At last week’s rotary meeting, we heard from Theodore Stewart, owner of Cheap Dallas Movers (www.cheapdallasmovers.net), on the importance of licensing, bonding, and insurance in the moving industry. While he spoke specifically to his experience, these terms have broader application across most industries. For instance, attorneys, CPAs, doctors, and more must have the proper licensing, and nearly all businesses should carry some type of insurance such as mal-practice insurance, professional insurance, product liability, etc.
Here is a recap of Theodore’s presentation. As you read this, keep in mind how his points may apply to your business:
There are a lot of factors that go into a customer’s decision to hire a moving company. First, customers want to make sure the company they hire is affordable. Next, they want to make sure the company has the experience to get the job done right. After that, customers need to make sure the moving company has the availability to complete their move in a specified timeframe. Finally, and most importantly, customers want to make sure that the moving company they choose is licensed, bonded and insured.
What It Means to Be Licensed
A person can’t necessarily just buy a van and then start marketing him or herself as a mover, though many choose to go this route by offering their amateur moving services on platforms like Craigslist. Legitimate moving companies must comply with state and federal regulations in order to qualify as licensed movers. Licensing qualifies a company to act as an agent for transporting goods for either intrastate or interstate moves. Maintaining a current license, in moving, or in any other field, tells customers that you are: 1) up to industry standards, 2) you care about your business, and 3) you care about your customers. No matter what industry you’re in, make sure you take the proper steps to get licensed and maintain your licensed.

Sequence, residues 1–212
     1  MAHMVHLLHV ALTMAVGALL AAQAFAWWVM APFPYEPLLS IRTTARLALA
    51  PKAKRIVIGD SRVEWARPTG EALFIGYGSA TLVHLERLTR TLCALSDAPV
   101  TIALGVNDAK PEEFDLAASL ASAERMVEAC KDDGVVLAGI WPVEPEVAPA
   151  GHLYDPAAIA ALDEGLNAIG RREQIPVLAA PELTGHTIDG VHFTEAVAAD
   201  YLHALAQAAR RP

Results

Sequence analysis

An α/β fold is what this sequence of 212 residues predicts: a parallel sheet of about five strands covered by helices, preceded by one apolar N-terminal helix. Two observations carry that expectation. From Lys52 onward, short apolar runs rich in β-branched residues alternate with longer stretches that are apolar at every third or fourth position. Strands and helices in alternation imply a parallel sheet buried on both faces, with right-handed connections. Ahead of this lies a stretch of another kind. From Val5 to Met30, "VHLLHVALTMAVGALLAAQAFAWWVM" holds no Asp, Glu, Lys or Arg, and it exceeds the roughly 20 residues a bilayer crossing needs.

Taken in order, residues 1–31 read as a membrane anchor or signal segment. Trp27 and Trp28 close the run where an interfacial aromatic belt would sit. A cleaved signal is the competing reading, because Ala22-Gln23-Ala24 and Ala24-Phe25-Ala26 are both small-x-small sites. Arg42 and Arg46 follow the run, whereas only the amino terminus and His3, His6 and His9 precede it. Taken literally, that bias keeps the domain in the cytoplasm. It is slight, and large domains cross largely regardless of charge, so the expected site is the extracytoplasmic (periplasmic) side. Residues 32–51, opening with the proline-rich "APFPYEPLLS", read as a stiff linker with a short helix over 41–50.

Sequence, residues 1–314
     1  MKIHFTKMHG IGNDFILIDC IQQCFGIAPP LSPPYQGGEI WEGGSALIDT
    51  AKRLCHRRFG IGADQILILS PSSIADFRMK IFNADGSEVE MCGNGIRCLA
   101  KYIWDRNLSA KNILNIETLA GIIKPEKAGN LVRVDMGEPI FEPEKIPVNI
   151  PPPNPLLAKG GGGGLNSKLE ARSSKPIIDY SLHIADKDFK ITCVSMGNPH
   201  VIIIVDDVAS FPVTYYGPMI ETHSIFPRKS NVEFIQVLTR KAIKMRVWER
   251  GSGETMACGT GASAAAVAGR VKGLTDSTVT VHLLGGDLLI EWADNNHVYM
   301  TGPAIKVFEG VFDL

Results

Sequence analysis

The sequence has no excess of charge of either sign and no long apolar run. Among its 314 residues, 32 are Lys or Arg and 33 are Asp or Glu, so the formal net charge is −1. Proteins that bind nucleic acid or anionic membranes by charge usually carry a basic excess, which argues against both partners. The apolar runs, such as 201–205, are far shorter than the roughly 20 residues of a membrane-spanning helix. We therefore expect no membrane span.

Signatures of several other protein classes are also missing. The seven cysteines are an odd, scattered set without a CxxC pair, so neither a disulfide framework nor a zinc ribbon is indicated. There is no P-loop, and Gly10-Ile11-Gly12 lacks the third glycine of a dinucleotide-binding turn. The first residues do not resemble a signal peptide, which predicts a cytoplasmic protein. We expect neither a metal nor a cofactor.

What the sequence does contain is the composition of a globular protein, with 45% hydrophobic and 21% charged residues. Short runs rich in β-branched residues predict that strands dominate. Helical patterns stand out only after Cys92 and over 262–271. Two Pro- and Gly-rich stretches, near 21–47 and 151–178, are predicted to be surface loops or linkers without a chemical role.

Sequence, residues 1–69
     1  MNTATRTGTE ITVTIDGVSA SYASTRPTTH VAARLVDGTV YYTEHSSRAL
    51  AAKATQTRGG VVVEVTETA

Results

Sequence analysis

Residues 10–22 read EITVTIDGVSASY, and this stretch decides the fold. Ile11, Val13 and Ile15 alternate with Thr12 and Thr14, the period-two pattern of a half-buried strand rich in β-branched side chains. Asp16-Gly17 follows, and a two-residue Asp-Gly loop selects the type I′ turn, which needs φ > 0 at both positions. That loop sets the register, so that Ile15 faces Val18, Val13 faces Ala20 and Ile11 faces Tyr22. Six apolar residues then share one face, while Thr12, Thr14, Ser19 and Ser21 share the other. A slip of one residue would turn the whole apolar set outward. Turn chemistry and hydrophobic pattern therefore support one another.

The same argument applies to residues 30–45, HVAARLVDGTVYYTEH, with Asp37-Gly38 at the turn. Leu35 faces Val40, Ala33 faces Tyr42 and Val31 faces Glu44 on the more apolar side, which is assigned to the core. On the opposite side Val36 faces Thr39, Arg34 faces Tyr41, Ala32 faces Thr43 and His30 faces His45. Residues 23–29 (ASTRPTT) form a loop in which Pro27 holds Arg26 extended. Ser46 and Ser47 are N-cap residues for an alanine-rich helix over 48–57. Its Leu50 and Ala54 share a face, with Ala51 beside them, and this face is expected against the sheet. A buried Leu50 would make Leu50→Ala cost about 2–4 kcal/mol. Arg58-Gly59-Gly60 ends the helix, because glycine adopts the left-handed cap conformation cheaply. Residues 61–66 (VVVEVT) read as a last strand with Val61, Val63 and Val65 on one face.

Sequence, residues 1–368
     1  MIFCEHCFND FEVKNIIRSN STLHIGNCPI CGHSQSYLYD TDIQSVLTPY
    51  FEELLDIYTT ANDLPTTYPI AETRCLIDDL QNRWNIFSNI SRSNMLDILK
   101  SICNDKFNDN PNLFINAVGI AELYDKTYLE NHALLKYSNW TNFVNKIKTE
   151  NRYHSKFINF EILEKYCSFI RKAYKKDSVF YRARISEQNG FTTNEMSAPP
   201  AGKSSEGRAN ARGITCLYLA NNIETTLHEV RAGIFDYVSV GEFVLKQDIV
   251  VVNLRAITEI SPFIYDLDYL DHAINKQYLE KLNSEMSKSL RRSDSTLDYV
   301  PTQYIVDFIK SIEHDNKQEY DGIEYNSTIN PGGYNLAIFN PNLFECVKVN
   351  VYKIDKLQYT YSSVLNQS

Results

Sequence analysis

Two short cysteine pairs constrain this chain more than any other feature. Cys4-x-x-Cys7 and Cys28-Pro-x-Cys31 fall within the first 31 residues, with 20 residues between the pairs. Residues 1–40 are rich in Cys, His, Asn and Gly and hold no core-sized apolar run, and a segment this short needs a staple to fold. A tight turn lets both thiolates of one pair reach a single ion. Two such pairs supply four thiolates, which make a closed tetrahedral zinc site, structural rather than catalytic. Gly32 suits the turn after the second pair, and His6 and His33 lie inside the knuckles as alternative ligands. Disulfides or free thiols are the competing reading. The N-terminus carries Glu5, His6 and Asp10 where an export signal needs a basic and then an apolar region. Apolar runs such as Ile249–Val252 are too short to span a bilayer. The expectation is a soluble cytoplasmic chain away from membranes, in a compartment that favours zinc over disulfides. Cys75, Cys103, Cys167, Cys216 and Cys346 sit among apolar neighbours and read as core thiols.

What It Means to Be Bonded
Clients aren’t going to hire a moving company unless you can contractually guarantee delivery according to certain terms, including dates. But what happens when the unexpected interferes and causes you to breach an agreement? If you’re bonded, it means that a bonding company has ensured your payment of losses through collection of collateral. Though sometimes confused with insurance, bonding is different because of the collateral you are required to put up. Bonding is common not only in the moving industry, but with general contractors, janitorial services, and more. It can be a great way to reassure customers that you can be trusted to pay up if something with your agreement goes awry.
What It Means to Be Insured
While you might be able to pay for breach of contract violations, lost or stolen property claims, accidents and damages out of pocket, it’s much easier to do so when you have the right insurance. Customers prefer to work with insured movers because the likelihood of being made whole after a loss is higher when a company has an insurance policy that covers them. In many cases, moving companies are required by state and federal regulations to have certain types of insurance, but they can also secure even more coverage beyond that to help protect their company, their employees and their clients. Insurance is important across a wide spectrum of businesses, and can keep your business from going bottoms-up should something unforeseen happen.
You can’t force a client to choose your company over the competition, but you can definitely make it easier for them to do so by making your company the more attractive choice. In addition to having the right equipment, availability and training, consider the added benefits of being licensed, bonded and insured to attract customers.